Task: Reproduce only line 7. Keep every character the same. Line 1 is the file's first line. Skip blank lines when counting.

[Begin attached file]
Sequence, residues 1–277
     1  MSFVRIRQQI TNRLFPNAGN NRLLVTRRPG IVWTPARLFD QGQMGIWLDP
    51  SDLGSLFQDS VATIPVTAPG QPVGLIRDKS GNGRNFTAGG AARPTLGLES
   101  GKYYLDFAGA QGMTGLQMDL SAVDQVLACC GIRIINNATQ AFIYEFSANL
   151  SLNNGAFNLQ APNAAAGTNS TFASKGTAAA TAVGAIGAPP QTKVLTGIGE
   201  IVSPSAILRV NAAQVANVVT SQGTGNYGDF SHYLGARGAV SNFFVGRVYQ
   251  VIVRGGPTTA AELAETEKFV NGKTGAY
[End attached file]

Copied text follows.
   251  VIVRGGPTTA AELAETEKFV NGKTGAY